What Exactly Do You Mean?

Именно: exactly (sometimes)

Именно (exactly) is a word I love and hate. I love hearing it and reading it, and I really love to say it. It’s a very satisfying word to spit out: Hit that first И hard and long, then pop off it with two quick syllables and a frown. Try it: Именно!

 But when it comes to translating именно, I start by muttering dire imprecations and end with throwing texts across the room and then running over to stomp on them.

That is to say: именно is one tricky little word.

As usual, let’s start with the easy bits. Именно can be used to mean “exactly”: Часто не понимаешь, что хочешь поехать именно туда (Sometimes you just don’t know that it’s exactly where you want to go.) Я не знала, что именно хотела у него спросить (I didn’t know exactly what I wanted to ask him.)

Sometimes the easiest thing is to leave it out of a translation or compensate: ―Он запрётся в ванной с гитарой и начнёт сочинять. ―Почему именно в ванной? (“He’ll lock himself in the bathroom with his guitar and begin to write music.” “In the bathroom? Why the heck there?”)

Именно can also be used to clarify something in a question: —Бери пальто! —Какое именно? (“Grab a coat!” “Which one?”) Or to set up a clarification: Основная масса картофеля производится в средней полосе, а именно в Брянской, Тульской, и Нижегородской областях (Most potatoes are grown in the central part of the country, specifically Bryansk, Tula and Novgorod regions.)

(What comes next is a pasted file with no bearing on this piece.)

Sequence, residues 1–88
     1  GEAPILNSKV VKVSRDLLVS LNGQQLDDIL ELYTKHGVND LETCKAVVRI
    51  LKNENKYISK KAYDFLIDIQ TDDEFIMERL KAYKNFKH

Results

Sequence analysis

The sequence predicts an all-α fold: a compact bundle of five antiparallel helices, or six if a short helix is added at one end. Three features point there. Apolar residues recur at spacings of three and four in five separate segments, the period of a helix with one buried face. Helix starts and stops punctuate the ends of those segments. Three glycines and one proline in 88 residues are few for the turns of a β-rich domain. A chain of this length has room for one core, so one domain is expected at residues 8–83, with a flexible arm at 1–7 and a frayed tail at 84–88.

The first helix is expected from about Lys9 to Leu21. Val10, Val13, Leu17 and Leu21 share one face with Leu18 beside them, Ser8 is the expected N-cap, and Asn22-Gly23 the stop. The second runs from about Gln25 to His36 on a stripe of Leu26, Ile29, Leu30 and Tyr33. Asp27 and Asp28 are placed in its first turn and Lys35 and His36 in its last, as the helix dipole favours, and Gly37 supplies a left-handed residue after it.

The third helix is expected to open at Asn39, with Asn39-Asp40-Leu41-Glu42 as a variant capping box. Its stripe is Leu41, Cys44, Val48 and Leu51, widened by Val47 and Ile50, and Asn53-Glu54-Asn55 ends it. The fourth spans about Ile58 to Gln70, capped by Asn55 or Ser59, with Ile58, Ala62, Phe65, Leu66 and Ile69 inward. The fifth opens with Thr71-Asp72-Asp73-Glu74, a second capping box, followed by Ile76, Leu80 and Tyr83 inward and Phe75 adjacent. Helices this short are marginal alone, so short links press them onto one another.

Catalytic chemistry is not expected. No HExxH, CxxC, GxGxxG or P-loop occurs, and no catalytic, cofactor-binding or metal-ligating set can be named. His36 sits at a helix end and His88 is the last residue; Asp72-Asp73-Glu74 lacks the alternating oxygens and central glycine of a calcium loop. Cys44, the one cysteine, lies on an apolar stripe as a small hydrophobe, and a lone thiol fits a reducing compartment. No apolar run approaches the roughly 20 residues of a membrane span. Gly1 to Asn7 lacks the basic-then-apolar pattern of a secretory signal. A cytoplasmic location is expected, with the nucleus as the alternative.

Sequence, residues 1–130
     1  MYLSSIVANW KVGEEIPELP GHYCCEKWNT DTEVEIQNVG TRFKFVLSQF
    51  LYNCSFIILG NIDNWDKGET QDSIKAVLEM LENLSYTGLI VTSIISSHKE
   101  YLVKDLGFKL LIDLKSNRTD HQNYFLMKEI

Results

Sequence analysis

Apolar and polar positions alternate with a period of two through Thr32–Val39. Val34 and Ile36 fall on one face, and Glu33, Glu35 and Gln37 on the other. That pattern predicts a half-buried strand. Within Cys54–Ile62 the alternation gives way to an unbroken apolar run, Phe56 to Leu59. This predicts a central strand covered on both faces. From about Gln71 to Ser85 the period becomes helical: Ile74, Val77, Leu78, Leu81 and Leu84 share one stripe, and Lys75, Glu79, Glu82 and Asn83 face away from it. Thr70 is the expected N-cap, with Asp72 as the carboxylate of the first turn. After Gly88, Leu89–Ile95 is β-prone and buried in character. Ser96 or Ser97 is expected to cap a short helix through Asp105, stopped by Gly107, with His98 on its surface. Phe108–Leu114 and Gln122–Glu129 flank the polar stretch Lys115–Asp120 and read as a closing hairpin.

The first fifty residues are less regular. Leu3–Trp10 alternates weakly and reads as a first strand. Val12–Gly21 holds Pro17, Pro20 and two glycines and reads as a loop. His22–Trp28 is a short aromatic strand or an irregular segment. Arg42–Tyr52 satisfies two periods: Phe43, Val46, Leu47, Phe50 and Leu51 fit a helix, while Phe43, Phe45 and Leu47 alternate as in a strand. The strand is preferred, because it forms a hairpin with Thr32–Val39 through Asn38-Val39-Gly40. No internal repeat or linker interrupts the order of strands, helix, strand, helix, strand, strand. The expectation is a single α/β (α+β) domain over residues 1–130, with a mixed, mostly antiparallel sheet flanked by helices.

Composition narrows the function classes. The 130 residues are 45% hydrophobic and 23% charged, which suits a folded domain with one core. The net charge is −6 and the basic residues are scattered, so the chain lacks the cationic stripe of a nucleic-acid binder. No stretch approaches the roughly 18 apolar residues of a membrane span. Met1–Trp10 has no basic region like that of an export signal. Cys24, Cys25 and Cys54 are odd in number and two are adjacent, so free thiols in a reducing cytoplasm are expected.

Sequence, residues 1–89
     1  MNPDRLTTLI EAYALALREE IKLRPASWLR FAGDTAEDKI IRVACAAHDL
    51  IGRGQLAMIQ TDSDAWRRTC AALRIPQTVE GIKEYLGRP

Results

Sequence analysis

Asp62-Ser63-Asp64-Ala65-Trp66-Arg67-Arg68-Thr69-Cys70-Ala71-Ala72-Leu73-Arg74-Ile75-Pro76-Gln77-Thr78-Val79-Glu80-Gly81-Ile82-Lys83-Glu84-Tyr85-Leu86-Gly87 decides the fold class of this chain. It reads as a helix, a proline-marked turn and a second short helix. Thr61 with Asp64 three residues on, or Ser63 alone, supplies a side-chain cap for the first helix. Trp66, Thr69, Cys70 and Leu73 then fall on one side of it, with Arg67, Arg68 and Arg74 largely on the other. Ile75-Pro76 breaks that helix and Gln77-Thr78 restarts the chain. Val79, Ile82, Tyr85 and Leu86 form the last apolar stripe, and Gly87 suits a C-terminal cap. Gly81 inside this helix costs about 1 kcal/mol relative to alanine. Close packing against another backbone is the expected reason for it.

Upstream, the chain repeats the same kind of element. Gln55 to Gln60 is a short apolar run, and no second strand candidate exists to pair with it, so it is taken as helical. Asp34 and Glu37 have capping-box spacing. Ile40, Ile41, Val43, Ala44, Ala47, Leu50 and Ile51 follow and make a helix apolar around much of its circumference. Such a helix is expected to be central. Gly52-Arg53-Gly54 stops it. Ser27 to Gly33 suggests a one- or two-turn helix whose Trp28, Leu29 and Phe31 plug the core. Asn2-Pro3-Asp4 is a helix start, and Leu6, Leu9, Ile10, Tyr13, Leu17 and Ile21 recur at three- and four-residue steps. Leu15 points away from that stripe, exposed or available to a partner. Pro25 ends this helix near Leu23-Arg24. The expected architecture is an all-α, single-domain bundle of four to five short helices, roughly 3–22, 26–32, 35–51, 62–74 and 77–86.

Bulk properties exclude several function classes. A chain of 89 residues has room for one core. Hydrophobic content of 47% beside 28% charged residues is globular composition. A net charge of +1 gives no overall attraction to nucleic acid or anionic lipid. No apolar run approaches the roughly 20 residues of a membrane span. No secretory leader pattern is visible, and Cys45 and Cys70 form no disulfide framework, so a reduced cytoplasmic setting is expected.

As a response to a statement, Именно! or Вот именно! expresses hearty agreement: Yup, you got it. Thats it in a nutshell. Thats it exactly. You took the words right out of my mouth. —Мы закончили бы отчёт вовремя и без проблем если бы начальство поручало сделать это месяц назад а не во вторник.  Вот именно. (“We would have finished the report on time and easily if management had told us to do it a month ago instead of Tuesday.” “No kidding.”)

There can be a slightly snarky tone to it: —Тебе с ним жить. —Вот именно. (“You’re the one who’s going to live with him.” “Nice of you to remember that.”)

That’s all the fun part of именно. The tricky part is in phrases like this: Именно от витамина А зависит производство коллагена. This is something like: It’s Vitamin A that is key to the production of collagen.  The problem is not that you can’t say that in English. The problem is that this kind of sentence construction with именно is very common in Russian and much less frequent in English. So the English is marked in a way that the Russian isn’t.

And that’s why I spend hours growling as I try to say the same thing in a different way. Именно Россия является стратегически важным рынком для нашей фирмы благодаря её динамичному развитию. Not: It is specifically Russia that is a strategically important market for our company due its dynamic development. But maybe: Russia’s dynamic development makes it the key strategic market for our company.

And sometimes I go rogue and — don’t tell anyone — I just ignore the word altogether: Вот только как именно это сделать, я не знаю (There’s just one little problem: I have no idea how to do it).

Именно так (That’s the way to do it.)

Michele A. Berdy is a Moscow-based translator and interpreter, author of “The Russian Word’s Worth,” a collection of her columns.

The views expressed in opinion pieces do not necessarily reflect the position of The Moscow Times.

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